For one, it allows you the chance to scribble on your dashboard pad the variety of interesting places along the rural routes wending their ways through the small villages, hamlets, and farmland: If you’re on Route 66, for example, there’s the sign for Grazin’ Angus Acres, whose grass-fed Black Angus meats seem a great idea around barbecue time; and the Hudson-Chatham winery, which seems a pretty tasty idea at nearly any time.
Along Route 9, through Valatie and Kinderhook, you could easily fill your small notebook jotting down just the historical markers: The Burgoyne House (where the British general was entertained for an evening as a prisoner during the Revolutionary War), the Dutch Reformed Church (organized in 1712), the Benedict Arnold House (where the famed hero/traitor was allegedly cared for after being wounded in the Battle of Bemis Heights in 1777), and many others. They seem to sprout along this route like summer wildflowers.
And if you happen to be stalled at the traffic circle there, the life-sized sculpture of eighth US president and Kinderhook native Martin Van Buren, chilling nonchalantly on a park bench, might tempt you out of your car for a photo op.
But aside from the appeal for the note-taking agritourist or the history buff, there’s another reason to be thankful for the poky John Deere: Look to the right. Look to the left.
The open and gently rolling land of Columbia County has a wealth of well-known scenic points: There’s artist Frederic Edwin Church’s breathtaking Middle-Eastern-influenced mansion, Olana, overlooking the Hudson; the High Falls on the Agawamuck Creek in Philmont; the miles of trails and the picnic spots at the Greenport Conservation Area.
But an A-ha! moment can arrive in the form of the blinking hazards of a forest-green traffic obstacle. Stop virtually anywhere in Columbia County and you’ve got a lush, unspoiled rural vista before you.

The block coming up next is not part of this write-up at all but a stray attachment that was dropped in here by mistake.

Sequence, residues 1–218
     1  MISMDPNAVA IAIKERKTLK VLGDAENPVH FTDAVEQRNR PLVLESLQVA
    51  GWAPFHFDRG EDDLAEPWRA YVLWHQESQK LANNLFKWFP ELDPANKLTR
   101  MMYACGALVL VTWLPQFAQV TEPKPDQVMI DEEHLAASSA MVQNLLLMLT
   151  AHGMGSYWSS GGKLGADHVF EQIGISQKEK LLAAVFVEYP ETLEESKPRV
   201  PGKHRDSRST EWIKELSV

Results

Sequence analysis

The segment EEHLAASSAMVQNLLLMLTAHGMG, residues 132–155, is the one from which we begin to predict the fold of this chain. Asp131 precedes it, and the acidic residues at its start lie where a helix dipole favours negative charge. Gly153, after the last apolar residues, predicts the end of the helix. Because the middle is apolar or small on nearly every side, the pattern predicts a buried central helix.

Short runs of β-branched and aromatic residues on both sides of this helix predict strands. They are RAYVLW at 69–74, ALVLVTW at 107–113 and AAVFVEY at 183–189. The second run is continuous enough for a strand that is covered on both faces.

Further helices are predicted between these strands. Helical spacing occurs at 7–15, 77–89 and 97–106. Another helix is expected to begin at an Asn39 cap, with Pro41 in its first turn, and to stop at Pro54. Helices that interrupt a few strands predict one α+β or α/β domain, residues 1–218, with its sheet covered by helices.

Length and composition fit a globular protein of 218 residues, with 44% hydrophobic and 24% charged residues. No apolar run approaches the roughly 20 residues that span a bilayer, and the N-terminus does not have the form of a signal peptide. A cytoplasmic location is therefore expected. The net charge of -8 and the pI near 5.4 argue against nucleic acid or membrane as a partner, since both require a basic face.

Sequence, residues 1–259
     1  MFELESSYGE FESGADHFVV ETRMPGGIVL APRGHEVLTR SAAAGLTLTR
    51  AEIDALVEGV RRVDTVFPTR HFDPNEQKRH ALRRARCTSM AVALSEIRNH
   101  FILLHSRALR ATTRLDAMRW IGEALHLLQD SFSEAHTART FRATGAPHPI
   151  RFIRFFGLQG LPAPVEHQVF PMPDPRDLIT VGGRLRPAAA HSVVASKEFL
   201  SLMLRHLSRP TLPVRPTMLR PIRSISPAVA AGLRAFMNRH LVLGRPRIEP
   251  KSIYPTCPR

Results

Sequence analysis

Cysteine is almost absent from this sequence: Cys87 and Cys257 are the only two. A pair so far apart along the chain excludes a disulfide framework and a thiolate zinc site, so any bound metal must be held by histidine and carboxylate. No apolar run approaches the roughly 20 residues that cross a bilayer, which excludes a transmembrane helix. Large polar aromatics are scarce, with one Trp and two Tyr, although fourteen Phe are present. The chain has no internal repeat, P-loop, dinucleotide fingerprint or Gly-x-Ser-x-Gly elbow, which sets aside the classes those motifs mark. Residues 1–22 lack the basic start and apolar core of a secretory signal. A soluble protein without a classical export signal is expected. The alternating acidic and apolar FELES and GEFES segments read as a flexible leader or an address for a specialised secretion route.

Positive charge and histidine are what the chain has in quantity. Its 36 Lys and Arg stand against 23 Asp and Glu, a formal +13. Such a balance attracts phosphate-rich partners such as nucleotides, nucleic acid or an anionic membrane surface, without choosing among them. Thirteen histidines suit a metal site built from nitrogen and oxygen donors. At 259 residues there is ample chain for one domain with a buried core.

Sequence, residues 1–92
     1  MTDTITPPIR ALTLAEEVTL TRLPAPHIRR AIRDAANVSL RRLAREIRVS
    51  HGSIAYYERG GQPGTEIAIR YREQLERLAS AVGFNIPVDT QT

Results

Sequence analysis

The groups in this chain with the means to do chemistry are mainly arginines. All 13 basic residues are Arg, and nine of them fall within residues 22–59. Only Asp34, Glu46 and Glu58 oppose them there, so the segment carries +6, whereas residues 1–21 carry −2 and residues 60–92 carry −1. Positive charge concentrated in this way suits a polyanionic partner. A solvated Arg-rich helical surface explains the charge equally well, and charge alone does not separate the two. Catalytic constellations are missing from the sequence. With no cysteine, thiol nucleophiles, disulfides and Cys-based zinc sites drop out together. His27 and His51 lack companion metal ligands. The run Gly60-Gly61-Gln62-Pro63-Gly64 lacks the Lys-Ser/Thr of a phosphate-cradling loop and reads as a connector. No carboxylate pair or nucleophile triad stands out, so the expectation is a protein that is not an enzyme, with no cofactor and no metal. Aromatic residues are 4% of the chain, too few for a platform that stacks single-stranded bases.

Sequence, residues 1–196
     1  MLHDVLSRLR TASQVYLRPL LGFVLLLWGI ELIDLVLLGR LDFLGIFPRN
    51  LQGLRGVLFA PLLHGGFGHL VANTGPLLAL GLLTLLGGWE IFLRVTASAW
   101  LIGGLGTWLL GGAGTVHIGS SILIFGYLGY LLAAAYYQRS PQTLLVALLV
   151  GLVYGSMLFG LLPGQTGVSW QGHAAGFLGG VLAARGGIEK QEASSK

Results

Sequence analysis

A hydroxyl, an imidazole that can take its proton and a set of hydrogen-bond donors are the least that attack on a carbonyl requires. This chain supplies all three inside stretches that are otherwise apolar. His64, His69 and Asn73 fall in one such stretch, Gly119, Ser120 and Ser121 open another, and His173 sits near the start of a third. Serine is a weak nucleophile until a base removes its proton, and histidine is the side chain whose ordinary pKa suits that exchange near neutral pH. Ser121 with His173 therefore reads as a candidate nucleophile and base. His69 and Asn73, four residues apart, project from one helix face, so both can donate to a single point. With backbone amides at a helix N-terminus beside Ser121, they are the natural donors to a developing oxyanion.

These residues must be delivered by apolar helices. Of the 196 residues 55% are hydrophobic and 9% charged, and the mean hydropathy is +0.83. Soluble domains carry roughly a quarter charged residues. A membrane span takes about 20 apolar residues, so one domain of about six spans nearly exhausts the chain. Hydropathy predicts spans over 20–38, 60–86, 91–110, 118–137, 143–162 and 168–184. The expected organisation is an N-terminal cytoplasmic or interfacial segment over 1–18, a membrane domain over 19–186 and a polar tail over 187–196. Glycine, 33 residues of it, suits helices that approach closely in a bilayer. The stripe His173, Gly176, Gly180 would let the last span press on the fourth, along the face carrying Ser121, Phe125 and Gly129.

Which makes the artsy urbanity of the county seat all the more compelling.
To your right, a group attend to a small motorcade of heavy-duty baby strollers, one woman dipping at the knees to soothe her front-slung infant rhythmically to the tune of Leonard Cohen’s “Dance Me to the End of Love,” which plays from speakers at the outdoor theater across the street. (Later, these speakers will broadcast the audio for Chaplin’s film Modern Times, which will be screened in an open-air courtyard for free.)
Inside the Carrie Haddad Gallery, the art on display—that of photographers Gary Schneider, David Lebe, Robert Flynt, and Warren Neidich—reinforces the sense that you are among the culturati. (Schneider, alone, has work on display in the Guggenheim, the Met, the Fogg, and the Art Institute of Chicago.) But at the same time, there is an openness, a kind of social porousness to this crowd that one does not associate with Manhattan. The opening is both surprisingly upscale in content and surprisingly easygoing in context.
Much has been made of the city’s arts-led revival in recent years, and the evidence is ample. Though the seeds were planted back in the middle `80s by antique dealers opening shops along Hudson’s Warren Street, it has been in recent years that a kind of cultural critical mass has been obtained. Transplanted city folk and weekenders patronizing the variety of retail and dining establishments on now-thriving Warren have added an air of sophistication to the small city (most evident in the latter portion of the week).
Though much praised for its architectural elegance (it’s been called one of the richest dictionaries of architectural history in New York State), there’s still roughness about the place, which can be seen as either unfulfilled potential, or opportunity. It’s frontier.